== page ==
Saturday, 12 March 2011

Saturday morning - Time for Vespers!

Vespers today mark the start of the Pars Verna, or Spring, volume of the Breviary proper Lenten Office. Anciently Lent began with the Office of the first Sunday with Ash Wednesday, and the following three days, added later. The Office on Ash Wednesday and the following days is really just that of Quinquagesima week, with the same hymns, with the addition of the ferial preces and folded chasubles at Mass etc.

Today, and for the rest of Lent with the exception of Sundays, Vespers are not sung at the usual time in the afternoon but are sung before lunch. A rubric in the Spring volume of the Breviary, before first Vespers of the first Sunday of Lent states:
Hodie et deinceps usque ad Sabbatum sanctum, exceptis diebus Dominicis, Vesperae dicuntur ante comestinonem, etiam in Festis.

An English translation of the above, from the Stanbrook Abbey English edition of The Roman Breviary:

On this day, and thereafter until Holy Saturday, except on Sundays, Vespers are said before the principal meal at midday, even on Feasts.

This practice, much criticised by the reformers of the twentieth century Liturgical Movement, and indeed by some today - particularly one American blogger who despises our work - was popularly associated with the practice of fasting. However, a contrary view, and one I share, would be that the practice represents a symbolic inversion of time as a consequnce of the Fall, with the restoration of 'normality' with the victory of the LORD at Easter. The practice is not confined to the Roman (or other Western rites) as it is found in the East too. A Google search of the times for the Liturgy of the Pre-Sanctified Gifts will reveal many Orthodox Churches serving this Liturgy, with its integral Vespers, on Wednesday and Friday mornings. Certainly for this blogger and Ordo compiler the praxis is one of the most wonderful in the Liturgical Year and his Vespers today will end as the clock strikes noon.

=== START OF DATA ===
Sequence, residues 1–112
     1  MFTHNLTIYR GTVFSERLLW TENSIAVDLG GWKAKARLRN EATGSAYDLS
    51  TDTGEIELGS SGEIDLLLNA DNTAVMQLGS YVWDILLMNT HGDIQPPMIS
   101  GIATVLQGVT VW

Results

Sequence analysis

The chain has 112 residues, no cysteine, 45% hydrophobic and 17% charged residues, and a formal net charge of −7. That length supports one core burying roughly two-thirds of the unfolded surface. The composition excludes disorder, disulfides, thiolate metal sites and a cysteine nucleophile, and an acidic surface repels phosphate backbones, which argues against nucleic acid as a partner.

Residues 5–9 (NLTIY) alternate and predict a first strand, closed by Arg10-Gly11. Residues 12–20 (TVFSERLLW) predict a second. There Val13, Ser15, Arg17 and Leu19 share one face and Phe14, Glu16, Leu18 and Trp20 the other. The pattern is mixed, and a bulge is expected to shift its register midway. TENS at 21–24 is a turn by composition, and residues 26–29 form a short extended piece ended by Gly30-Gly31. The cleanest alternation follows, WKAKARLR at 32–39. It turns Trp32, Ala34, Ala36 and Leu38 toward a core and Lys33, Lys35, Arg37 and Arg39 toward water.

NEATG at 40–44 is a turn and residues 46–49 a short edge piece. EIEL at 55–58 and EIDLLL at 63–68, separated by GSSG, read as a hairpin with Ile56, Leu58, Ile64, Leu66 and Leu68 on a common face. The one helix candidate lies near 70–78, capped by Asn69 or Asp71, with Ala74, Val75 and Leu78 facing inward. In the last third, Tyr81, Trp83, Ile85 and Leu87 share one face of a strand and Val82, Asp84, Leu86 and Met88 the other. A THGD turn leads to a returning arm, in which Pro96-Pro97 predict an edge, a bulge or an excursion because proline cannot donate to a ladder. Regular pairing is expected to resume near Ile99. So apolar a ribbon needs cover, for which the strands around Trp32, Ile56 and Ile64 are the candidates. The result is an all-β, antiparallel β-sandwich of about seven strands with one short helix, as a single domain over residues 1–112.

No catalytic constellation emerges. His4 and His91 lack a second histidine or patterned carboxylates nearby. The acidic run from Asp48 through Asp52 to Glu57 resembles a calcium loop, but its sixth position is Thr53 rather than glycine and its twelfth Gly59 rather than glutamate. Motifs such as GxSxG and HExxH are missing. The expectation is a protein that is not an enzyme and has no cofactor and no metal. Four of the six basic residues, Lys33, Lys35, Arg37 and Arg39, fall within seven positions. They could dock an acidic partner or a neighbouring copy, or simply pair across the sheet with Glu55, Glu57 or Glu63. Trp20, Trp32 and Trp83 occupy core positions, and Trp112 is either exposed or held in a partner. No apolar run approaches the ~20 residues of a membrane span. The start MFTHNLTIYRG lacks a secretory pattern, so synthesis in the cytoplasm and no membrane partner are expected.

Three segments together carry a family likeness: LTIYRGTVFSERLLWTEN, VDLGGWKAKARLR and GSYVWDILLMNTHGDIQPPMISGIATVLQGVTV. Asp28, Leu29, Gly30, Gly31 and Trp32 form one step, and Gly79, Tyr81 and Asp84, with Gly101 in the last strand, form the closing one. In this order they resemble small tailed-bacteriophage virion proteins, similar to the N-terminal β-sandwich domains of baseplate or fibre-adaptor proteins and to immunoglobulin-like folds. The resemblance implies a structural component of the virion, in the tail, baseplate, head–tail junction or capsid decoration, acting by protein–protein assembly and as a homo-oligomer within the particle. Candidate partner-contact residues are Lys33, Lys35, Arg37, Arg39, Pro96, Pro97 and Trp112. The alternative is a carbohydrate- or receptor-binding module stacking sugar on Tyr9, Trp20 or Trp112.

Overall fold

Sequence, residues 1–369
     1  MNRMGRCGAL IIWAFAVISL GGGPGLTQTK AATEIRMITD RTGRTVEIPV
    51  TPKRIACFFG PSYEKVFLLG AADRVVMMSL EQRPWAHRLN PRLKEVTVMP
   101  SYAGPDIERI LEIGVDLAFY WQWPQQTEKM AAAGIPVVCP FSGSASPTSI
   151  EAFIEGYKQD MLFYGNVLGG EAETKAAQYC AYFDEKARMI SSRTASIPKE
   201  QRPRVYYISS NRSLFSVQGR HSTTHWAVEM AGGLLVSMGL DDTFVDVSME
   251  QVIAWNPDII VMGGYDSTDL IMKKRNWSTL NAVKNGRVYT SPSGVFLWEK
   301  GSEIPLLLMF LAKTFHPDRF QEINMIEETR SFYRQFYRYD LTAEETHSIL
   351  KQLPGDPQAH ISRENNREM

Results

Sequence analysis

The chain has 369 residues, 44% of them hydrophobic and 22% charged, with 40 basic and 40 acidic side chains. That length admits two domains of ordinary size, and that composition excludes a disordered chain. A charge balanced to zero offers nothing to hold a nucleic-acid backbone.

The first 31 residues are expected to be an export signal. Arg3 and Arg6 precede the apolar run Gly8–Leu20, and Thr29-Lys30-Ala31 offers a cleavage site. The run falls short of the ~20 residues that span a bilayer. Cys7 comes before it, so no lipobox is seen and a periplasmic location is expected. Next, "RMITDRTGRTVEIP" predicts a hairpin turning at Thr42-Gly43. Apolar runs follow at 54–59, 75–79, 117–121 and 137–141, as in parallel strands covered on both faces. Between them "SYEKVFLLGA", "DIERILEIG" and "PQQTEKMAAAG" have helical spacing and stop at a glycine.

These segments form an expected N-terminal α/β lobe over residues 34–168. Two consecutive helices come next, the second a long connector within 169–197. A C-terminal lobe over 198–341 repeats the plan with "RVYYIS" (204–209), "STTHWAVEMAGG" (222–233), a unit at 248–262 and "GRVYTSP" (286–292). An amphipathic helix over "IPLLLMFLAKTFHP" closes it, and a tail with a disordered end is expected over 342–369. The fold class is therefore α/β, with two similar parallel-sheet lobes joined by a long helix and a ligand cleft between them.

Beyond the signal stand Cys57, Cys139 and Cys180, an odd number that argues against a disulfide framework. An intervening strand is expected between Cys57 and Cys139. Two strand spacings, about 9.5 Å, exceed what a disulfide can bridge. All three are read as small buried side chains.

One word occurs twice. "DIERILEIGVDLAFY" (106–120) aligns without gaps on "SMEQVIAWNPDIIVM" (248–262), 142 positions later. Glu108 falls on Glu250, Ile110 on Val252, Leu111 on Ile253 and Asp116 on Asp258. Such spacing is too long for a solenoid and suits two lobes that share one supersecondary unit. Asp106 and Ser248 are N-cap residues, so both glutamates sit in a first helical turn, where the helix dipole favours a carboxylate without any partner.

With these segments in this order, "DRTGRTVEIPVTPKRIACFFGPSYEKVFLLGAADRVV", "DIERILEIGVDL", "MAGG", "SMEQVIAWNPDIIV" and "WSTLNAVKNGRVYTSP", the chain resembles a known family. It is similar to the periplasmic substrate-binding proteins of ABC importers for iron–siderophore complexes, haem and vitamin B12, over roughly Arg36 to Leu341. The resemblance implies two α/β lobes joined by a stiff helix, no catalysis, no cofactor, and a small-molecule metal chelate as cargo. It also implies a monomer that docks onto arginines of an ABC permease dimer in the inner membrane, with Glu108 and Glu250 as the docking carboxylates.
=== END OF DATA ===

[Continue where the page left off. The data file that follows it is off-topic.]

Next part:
At Vespers the antiphons Benedictus Dominus etc and psalms 143i, 143ii, 144i, 144ii and 114iii of Saturday are sung. The chapter Fratres: Hortamur vos, is proper and the Lenten hymn Audi, benigne Conditor is sung. The versicle and response, Angelis suis and Ut custodiant are used until Passiontide. After the collect of the Sunday a commemoration of St. Gregory the Great is sung. At Compline, sung at its usual time, the Dominical preces are omitted.


André said...

The only time where the Angelus is said standing at noon!!

Rubricarius said...


Thank you for that - I should have added that point to the post.

Capreolus said...

Dear Rubricarius,
I agree: this is a wonderful practice and one I always look forward to, as well.

It occurs to me, thinking over this topic, that for the ancient Romans (with their day of twelve "hours" of about forty-five minutes around this time of year) evening would be reckoned as starting around 2 p.m. in our system.

Perhaps certain controversialists (to whom you alluded in this post, I think)overlook the fact that there was not necessarily so great a time differential in calculating the time of vespers, anciently anyway. Just a passing thought, though.

davidforster said...

Thank you for another v. fine post.

I think you mean 'ante' rather than 'and' in the Latin excerpt, however.

Rubricarius said...


Thank you - typo corrected now.

Fr. Capreolus,

Yes, another historical factor to be considered. As we are really talking about whether an Office is before or after what we call lunch I find criticism of the praxis rather strange.

RL said...

Thank you for this fine elucidation; much valued.